Prototypical Dynamic Programming. Remember all sub-solutions and use them to compute the next step. I prefixed the array by 6 min_values to use the same computation for the whole algorithm (besides the first). Do not forget to set the minimal_value small enough to handle a purely negative input array.

Solution:
NR_POSSIBLE_ROLLS = 6
MIN_VALUE = -10000000001

def solution(A):
    sub_solutions = [MIN_VALUE] * (len(A)+NR_POSSIBLE_ROLLS)
    sub_solutions[NR_POSSIBLE_ROLLS] = A[0]
    
    # iterate over all steps
    for idx in xrange(NR_POSSIBLE_ROLLS+1, len(A)+NR_POSSIBLE_ROLLS):
        max_previous = MIN_VALUE
        for previous_idx in xrange(NR_POSSIBLE_ROLLS):
            max_previous = max(max_previous, sub_solutions[idx-previous_idx-1])
        # the value for each iteration is the value at the A array plus the best value from which this index can be reached
        sub_solutions[idx] = A[idx-NR_POSSIBLE_ROLLS] + max_previous
    
    return sub_solutions[len(A)+NR_POSSIBLE_ROLLS-1]

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12/22/14

Codility ‘WireBurnouts’ 2012 Psi Solution

Short Problem Definition:

While removing edges from a mesh grid, find the moment when there ceases to be a connection between opposite corners.

Link

WireBurnouts

Complexity:

expected worst-case time complexity is O(N2*log(N));

expected worst-case space complexity is O(N2)

Execution:

This problem screams for the use of a union-find. The hard part was to identify that union-find has no effective delete operation and you first need to add all remaining wires and start from the end. I created a wrapper class to effectively pack the input data into a set. Parsing the whole input for each union candidate (the not in burnouts part) would result in O(N²xN²). By using a set (hash O(1) in Python, RB-tree O(log(N)) in C++)   you are down to N² x log(N). The union operation is also guaranteed to be log(N).

Beware though. (0,0) is the bottom left corner. First coordinate is X (right) and second coordinate is Y(up). I, for some reason, am used for the first coordinate to describe the row(down).

You can view my complete task timeline here. How can someone solve this in 30 minutes? It took me longer to type the solution…

Solution:

Continue reading


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12/18/14

Eclipse for C++ Development on Windows 7 64-bit Broken Console

It is the year 2014 and for some reason Eclipse CDT (both 32 and 64bit version) since Ganimede won’t output anything the programmer wants to print to the C++ console. The other side effect is, that it is impossible to start the gdb debugger. This problem has been posted all around the web since 2010 and yet it persists with Luna.

EmptySpace

I was able to compile the source using Eclipse, but had to switch to the Cygwin console and execute the binary manually. Doing this is a tedious process and wastes a lot of time. The bad news is, that I have found no solution for Cygwin. The good news is, that the MinGW linker will accept static gcc libraries linkage. So, for the rest of this guide, I will be assuming that you can use the MinGw GNU. Continue reading


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12/14/14

Hard Work Over the Holidays

First of all, I would like to thank everyone who has subscribed to my blog and has been reading my posts.

I did not post during the last few weeks as I was on a much needed vacation in the beautiful country of Myanmar. If you ever wanted to get away from the internet, make this place your choice! Temples (and their music which you will start to hate), Buddhas (which you will count first and ignore afterwards), nowhere-else-to-be-found food (always with chicken) and floating gardens (floating food, how awesome is that!).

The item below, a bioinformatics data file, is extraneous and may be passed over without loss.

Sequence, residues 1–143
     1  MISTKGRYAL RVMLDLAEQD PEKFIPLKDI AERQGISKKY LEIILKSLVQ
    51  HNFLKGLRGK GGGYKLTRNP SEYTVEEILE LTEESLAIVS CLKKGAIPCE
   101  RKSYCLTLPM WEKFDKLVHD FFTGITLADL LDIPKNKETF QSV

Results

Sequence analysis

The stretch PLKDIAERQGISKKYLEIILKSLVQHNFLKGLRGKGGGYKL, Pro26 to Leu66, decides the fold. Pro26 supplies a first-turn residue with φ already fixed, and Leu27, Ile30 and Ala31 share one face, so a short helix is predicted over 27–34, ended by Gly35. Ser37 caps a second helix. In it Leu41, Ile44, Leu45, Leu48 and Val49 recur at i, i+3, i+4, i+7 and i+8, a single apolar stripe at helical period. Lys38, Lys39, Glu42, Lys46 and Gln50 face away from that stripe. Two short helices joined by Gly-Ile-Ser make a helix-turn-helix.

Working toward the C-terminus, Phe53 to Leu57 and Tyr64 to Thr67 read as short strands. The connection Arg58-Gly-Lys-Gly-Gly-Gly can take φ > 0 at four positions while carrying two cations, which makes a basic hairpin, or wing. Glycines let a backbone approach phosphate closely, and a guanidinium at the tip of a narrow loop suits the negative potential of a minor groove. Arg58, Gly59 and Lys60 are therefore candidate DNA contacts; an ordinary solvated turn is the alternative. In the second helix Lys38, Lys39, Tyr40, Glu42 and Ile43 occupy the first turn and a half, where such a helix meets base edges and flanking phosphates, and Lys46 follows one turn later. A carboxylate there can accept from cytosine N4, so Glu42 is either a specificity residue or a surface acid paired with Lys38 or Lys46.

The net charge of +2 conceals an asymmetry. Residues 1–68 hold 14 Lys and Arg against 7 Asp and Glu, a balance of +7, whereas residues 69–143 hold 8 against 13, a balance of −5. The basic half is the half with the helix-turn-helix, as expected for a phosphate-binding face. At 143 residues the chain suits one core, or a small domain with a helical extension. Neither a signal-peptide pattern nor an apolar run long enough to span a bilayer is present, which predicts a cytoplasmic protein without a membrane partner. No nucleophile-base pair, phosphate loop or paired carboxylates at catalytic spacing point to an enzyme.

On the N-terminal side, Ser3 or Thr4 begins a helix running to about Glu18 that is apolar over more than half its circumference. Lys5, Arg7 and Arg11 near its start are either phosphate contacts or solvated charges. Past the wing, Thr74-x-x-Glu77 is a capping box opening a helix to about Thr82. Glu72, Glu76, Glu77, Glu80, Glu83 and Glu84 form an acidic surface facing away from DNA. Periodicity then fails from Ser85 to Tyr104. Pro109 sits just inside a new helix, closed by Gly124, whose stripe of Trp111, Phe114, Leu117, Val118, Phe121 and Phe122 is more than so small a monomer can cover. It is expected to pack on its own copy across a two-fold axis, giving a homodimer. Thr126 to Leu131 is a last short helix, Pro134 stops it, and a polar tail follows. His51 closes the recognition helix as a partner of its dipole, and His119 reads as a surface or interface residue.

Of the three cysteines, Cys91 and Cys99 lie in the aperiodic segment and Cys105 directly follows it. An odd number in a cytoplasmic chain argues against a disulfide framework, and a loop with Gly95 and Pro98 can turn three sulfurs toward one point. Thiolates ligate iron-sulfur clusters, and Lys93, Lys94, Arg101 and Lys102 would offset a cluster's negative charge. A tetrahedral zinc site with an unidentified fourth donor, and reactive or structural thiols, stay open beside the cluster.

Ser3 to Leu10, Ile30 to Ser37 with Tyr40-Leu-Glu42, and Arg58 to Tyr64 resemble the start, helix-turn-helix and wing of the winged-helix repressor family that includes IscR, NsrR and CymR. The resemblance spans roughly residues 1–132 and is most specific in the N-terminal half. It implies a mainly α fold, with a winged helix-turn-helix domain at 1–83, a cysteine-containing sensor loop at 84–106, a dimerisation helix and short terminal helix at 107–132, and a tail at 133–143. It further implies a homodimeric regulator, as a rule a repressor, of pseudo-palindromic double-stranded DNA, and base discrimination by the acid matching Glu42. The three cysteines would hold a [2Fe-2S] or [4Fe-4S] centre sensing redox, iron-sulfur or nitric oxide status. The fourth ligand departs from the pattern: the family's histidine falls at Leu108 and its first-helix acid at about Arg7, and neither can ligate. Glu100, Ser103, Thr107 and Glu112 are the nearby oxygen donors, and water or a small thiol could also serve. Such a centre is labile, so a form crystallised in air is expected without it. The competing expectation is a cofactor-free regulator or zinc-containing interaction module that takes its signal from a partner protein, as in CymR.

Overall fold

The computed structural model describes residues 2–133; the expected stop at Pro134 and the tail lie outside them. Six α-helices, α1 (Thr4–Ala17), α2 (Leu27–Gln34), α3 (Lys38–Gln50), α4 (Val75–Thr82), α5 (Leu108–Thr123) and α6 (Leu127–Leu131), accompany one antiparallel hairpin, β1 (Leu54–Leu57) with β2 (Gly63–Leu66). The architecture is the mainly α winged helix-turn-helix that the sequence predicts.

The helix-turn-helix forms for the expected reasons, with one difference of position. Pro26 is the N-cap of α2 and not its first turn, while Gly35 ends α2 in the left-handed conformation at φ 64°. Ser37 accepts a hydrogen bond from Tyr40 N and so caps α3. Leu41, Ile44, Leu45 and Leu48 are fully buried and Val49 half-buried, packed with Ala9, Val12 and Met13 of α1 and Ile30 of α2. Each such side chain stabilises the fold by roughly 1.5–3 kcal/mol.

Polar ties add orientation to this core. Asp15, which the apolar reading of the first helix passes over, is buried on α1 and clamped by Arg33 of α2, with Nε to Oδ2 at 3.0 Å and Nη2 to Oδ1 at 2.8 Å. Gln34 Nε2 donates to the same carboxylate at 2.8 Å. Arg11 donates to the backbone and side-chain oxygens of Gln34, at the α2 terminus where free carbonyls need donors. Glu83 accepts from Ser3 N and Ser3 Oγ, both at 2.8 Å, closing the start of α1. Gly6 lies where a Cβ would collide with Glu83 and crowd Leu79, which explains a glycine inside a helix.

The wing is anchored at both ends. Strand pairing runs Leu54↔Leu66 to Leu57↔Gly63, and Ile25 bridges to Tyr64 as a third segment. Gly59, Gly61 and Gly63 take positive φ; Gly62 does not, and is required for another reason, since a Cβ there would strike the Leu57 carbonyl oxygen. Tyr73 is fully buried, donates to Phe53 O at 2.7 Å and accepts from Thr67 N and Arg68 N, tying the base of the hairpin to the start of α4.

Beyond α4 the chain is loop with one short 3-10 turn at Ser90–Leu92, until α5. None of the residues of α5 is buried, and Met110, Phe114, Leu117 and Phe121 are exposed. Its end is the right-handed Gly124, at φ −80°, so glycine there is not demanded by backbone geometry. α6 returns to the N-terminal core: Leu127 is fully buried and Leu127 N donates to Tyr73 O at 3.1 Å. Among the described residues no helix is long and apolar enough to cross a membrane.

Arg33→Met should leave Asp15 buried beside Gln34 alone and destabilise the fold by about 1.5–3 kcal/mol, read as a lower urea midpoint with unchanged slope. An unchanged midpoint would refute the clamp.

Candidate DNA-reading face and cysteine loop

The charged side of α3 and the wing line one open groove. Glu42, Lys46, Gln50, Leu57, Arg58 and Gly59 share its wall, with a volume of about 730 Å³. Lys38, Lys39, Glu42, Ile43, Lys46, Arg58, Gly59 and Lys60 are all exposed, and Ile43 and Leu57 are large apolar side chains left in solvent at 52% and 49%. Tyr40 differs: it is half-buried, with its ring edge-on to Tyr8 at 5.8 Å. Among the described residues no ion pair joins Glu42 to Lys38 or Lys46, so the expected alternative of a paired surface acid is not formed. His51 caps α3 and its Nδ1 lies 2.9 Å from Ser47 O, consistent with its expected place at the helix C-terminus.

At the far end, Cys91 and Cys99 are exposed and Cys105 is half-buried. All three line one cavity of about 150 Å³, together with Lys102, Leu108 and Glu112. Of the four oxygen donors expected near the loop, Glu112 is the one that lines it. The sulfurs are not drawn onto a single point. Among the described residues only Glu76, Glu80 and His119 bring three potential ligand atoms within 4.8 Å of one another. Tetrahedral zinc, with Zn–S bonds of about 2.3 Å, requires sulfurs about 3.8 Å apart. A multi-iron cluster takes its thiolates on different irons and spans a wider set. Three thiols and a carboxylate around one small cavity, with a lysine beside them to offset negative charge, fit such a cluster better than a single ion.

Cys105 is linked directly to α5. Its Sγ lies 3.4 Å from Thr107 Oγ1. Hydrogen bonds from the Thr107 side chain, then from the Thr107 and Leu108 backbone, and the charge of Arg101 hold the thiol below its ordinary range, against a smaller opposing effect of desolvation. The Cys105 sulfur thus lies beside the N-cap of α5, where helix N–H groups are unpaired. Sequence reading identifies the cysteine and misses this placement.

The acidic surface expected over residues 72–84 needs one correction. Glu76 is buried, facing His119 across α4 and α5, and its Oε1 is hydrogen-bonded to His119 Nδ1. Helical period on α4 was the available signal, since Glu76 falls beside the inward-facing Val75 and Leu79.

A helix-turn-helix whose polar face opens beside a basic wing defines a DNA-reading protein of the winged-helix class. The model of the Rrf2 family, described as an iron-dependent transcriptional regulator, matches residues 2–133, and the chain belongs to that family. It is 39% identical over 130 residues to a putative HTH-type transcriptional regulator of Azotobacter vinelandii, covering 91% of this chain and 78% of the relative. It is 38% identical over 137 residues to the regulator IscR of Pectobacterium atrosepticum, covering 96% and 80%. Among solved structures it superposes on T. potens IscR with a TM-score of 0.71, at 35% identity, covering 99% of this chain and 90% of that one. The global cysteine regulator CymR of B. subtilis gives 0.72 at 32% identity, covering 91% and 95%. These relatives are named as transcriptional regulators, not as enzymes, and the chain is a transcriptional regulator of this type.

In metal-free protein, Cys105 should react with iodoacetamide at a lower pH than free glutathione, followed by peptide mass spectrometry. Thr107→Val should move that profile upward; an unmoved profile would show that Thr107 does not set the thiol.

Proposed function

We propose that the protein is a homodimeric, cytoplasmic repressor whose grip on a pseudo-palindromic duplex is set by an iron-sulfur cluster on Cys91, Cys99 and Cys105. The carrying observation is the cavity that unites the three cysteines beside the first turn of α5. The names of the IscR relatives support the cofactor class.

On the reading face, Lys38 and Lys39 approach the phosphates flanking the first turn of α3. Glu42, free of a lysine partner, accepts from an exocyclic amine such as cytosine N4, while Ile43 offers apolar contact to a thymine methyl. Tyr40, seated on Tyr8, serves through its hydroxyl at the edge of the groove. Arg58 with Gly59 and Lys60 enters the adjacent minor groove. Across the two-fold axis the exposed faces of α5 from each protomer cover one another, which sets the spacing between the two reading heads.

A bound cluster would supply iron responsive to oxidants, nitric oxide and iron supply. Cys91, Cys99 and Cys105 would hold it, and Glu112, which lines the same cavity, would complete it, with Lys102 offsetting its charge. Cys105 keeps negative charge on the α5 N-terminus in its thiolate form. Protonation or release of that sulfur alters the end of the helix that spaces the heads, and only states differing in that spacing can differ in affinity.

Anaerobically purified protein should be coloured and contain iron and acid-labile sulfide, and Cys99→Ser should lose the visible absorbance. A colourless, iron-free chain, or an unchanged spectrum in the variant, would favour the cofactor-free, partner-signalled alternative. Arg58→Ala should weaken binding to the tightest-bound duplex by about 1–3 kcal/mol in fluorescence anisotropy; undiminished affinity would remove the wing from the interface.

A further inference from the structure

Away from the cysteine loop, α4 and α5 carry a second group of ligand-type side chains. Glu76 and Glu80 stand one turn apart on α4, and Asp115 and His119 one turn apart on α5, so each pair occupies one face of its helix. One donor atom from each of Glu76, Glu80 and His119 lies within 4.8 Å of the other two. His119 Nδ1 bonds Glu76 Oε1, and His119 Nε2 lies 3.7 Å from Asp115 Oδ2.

On my return I was contacted by Codility (whose challenges kinda became the main topic of my posts lately). As it happens, we, the bloggers, received a gift package (that made me more enthusiastic than it should). Yaaay! So here is the extremely bad photo I made today!

SupportCodility

So, without much talk, I should say that I have put myself to the task of completing the Solutions page over the holidays. There is not much to do anyways (besides overeating and watching Die Hard and Home Alone). At the time of writing, there are eight unfinished tasks (mostly because I do not know how to solve them) and one hell of a lot of Challenges that need to be posted. In contract to the tasks, I already have some of those solved.

Happy coding everyone!


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12/12/14

Codility ‘ArrayInversionCount’ Solution

Short Problem Definition:

Compute number of inversion in an array.

Link

ArrayInversionCount

Complexity:

expected worst-case time complexity is O(N*log(N));

expected worst-case space complexity is O(N)

Execution:

Any sorting algorithm with a NlogN runtime will do the trick. It is important to count all (remaining) bigger elements on the left side. Do not forget to check for the maximal return value!

Solution:
MAX_NR = 1000000000

def mergeSort(alist):
    inversion_count = 0
    if len(alist)>1:
        mid = len(alist)//2
        lefthalf = alist[:mid]
        righthalf = alist[mid:]

        inversion_count += mergeSort(lefthalf)
        if (inversion_count > MAX_NR):
            raise

        inversion_count += mergeSort(righthalf)
        if (inversion_count > MAX_NR):
            raise

        i=0
        j=0
        k=0
        while i<len(lefthalf) and j<len(righthalf):
            if lefthalf[i]<=righthalf[j]:
                alist[k]=lefthalf[i]
                i=i+1
            else:
                alist[k]=righthalf[j]
                j=j+1
                inversion_count += len(lefthalf)-i
                if (inversion_count > MAX_NR):
                    raise
            k=k+1

        while i<len(lefthalf):
            alist[k]=lefthalf[i]
            i=i+1
            k=k+1

        while j<len(righthalf):
            alist[k]=righthalf[j]
            j=j+1
            k=k+1

    return inversion_count

def solution(A):
    try:
        return mergeSort(A)
    except:
        return -1